What to watch: Rajappa says, the rise in yields hasn't pushed the spread between 10-year and 3-month Treasuries that much higher. The difference of 15 basis points is still very tight and near levels seen in 2007.

  • "The market's much more focused on what's happening globally," she said, including growth slowdowns in Europe, Japan and China.

Bonus: The yield curve is still inverted on the short end with 1-month bills holding higher yields than maturities as long as 5 years.

3. Why China's stimulus isn't all good

China's fiscal and monetary stimulus measures have been credited with turning around the country's economy and perhaps underpinning a rebound in European and global trade this year by high-minded economists, including at the IMF.

  • The country's leaders have even announced intentions to switch their economic focus from growth to reform and restructuring.

Why it matters: The congratulations may be a bit premature, a new report from the OECD suggests. While the stimulus has helped improve economic data, China has worsened a problem that was already "excessive and unsustainable."

  • "Faced with a dampening of domestic demand and export orders, the authorities have resorted to stimulus measures involving taxes, access to credit and infrastructure investment. The stimulus risks increasing once again corporate sector indebtedness and, more generally, reversing progress in deleveraging."

What they're saying: Ed Yardeni, president and chief investment strategist at Yardeni Research, points out that while China's headline numbers look good, the growth in GDP is increasingly a direct result of fiscal stimulus.

  • "We question the sustainability of the Chinese government's initiatives. But they seem to be successful at maintaining some economic momentum for now."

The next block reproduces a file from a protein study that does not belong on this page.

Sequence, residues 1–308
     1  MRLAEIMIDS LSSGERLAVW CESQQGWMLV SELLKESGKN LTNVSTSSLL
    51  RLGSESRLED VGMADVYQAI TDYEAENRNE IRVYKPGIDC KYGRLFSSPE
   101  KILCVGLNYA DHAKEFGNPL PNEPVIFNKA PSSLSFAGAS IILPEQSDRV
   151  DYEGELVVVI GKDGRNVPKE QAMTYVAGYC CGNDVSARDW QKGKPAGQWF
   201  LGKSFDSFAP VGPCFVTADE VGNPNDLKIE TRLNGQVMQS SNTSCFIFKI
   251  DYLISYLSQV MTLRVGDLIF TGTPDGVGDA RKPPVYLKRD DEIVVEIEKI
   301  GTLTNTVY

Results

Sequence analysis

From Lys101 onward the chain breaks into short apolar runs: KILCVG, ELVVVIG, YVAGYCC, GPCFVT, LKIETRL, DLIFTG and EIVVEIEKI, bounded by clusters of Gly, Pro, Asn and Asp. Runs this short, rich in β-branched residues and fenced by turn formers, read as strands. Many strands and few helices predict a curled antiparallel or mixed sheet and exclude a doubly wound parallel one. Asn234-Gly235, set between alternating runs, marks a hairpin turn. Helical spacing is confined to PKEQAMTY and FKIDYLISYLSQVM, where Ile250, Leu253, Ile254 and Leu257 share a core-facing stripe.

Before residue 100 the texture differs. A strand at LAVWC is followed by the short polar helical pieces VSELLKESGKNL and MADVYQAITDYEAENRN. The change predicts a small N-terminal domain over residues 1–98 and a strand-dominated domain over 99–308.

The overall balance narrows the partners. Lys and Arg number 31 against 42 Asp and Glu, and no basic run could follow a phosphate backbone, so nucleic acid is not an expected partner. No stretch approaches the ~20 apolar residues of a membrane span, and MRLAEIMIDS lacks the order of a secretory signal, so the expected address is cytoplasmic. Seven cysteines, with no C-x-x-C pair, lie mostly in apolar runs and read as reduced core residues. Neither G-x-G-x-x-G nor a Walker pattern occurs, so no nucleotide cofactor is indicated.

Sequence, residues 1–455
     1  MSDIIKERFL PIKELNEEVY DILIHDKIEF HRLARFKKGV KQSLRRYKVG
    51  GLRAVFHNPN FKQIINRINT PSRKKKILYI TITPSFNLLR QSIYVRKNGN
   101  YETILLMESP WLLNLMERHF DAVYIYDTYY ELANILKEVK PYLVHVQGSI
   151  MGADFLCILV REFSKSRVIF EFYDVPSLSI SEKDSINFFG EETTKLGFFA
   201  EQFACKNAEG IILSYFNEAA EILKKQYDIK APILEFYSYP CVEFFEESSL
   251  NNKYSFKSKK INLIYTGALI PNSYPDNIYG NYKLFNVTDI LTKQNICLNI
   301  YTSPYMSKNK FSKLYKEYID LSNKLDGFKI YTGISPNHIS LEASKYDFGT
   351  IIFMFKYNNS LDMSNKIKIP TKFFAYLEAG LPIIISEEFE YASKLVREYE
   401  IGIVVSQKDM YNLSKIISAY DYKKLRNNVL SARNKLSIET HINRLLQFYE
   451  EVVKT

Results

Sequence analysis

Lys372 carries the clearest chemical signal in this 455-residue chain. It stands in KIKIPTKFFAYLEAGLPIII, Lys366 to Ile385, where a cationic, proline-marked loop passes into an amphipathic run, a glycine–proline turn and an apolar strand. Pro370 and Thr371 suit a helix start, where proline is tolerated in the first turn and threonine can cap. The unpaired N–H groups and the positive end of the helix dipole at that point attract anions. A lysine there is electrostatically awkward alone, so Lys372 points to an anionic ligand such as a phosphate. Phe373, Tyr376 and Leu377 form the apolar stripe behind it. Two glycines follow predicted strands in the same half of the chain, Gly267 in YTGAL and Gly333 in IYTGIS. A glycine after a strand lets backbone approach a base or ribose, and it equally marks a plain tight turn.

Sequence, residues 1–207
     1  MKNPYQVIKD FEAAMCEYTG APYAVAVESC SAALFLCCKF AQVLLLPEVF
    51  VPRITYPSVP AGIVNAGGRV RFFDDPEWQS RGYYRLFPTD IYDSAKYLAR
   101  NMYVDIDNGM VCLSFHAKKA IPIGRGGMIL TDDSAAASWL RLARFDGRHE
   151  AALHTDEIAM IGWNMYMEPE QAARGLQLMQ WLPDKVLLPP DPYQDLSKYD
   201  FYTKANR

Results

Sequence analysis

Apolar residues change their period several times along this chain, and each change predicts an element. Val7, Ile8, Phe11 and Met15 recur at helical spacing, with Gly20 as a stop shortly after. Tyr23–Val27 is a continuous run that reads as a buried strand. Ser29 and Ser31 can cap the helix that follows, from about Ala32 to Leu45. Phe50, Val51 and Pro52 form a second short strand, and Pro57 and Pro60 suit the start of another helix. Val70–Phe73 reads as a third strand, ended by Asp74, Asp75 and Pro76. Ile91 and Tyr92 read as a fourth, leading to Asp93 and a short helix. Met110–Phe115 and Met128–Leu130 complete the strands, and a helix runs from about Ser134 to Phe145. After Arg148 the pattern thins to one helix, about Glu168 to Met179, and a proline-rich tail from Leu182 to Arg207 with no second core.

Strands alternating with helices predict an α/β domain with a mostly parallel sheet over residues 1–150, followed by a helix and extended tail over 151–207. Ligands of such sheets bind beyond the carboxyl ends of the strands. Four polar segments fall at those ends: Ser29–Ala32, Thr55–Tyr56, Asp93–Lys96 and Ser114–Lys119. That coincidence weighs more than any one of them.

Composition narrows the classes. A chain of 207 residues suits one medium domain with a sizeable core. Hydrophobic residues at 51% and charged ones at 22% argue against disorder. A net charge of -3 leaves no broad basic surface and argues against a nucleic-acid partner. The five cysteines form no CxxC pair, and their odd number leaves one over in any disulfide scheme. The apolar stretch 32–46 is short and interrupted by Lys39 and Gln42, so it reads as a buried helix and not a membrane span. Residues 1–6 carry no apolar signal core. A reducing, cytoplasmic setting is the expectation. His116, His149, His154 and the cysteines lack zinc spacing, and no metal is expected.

4. How M&A advisers stacked up in the first quarter
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Data: GlobalData Financial Deals Database; Chart: Andrew Witherspoon/Axios

Half of the top investments banks advised on fewer deals in the first quarter than the prior year period, but the deals were bigger, Axios' Courtenay Brown writes.

Research from analytics firm GlobalData shows the usual suspects again topped the list of advisers on the biggest M&A deals in the first quarter, but it was their participation in just 2 deals that made the difference: Bristol-Myers Squibb's purchase of Celgene, and Saudia Aramco's deal to acquire a majority stake in Saudi petrochemical company SABIC.

  • JP Morgan, Evercore, Morgan Stanley and Citi advised on the Bristol-Celgene deal, while Citi, JP Morgan and Morgan Stanley advised the Saudi-SABIC deal.

Between the lines: Advisers typically pocket M&A advisory fees that are based on the total transaction value.

  • These fees aren't reflected in the banks' Q1 results since the deals haven't closed yet. But M&A advisory fees for Goldman Sachs, for example, helped offset sluggish trading revenues.
5. Stephen Moore says critics are "pulling a Kavanaugh"

Stephen Moore, a potential nominee by President Trump to the Fed, called into North Dakota's WZFG AM 1100 to make his case to join the central bank Tuesday.

Moore said that while he would be an independent voice on the Fed, he "loves Trump" and he thinks that's a good thing. He accused detractors of attempting to stall his nomination because they oppose the president.

"They're pulling a Kavanaugh against me ... the easy thing to do would just be to throw in the towel and say, 'I don't need this.' I'm taking a 68% pay cut to do this job. I mean, it's true public service. The people who keep me going are the people who love what Trump is doing and love the growth rate of this country and love the prosperity that Trump is bringing."
6. Tuesday's stock market report in 3 tweets
Screenshot of Ivan the K's Twitter feed.

The S&P 500 and Nasdaq hit record closing highs Tuesday. The Dow Jones Industrial Average gained 145 points to close just 1.1% from its all-time high.

Dion Rabouin